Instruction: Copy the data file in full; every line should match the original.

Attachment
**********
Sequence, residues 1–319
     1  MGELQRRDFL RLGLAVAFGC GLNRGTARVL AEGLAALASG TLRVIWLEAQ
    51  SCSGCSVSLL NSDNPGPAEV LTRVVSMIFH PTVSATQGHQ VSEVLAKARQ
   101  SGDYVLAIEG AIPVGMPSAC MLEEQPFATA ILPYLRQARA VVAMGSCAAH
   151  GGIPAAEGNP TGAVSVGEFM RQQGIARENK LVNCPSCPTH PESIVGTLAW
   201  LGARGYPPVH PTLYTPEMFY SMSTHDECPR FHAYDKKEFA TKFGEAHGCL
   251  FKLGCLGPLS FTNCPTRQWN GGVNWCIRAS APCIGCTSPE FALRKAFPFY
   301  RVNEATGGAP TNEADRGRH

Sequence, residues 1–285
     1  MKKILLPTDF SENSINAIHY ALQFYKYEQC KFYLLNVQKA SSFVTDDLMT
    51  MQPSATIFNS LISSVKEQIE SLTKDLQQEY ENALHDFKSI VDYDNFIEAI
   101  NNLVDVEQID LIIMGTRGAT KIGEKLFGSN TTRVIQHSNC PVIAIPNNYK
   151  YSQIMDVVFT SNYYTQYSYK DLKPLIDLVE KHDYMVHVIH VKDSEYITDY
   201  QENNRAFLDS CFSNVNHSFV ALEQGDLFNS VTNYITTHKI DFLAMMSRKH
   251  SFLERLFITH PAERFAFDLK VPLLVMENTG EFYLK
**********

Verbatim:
Sequence, residues 1–319
     1  MGELQRRDFL RLGLAVAFGC GLNRGTARVL AEGLAALASG TLRVIWLEAQ
    51  SCSGCSVSLL NSDNPGPAEV LTRVVSMIFH PTVSATQGHQ VSEVLAKARQ
   101  SGDYVLAIEG AIPVGMPSAC MLEEQPFATA ILPYLRQARA VVAMGSCAAH
   151  GGIPAAEGNP TGAVSVGEFM RQQGIARENK LVNCPSCPTH PESIVGTLAW
   201  LGARGYPPVH PTLYTPEMFY SMSTHDECPR FHAYDKKEFA TKFGEAHGCL
   251  FKLGCLGPLS FTNCPTRQWN GGVNWCIRAS APCIGCTSPE FALRKAFPFY
   301  RVNEATGGAP TNEADRGRH

Sequence, residues 1–285
     1  MKKILLPTDF SENSINAIHY ALQFYKYEQC KFYLLNVQKA SSFVTDDLMT
    51  MQPSATIFNS LISSVKEQIE SLTKDLQQEY ENALHDFKSI VDYDNFIEAI
   101  NNLVDVEQID LIIMGTRGAT KIGEKLFGSN TTRVIQHSNC PVIAIPNNYK
   151  YSQIMDVVFT SNYYTQYSYK DLKPLIDLVE KHDYMVHVIH VKDSEYITDY
   201  QENNRAFLDS CFSNVNHSFV ALEQGDLFNS VTNYITTHKI DFLAMMSRKH
   251  SFLERLFITH PAERFAFDLK VPLLVMENTG EFYLK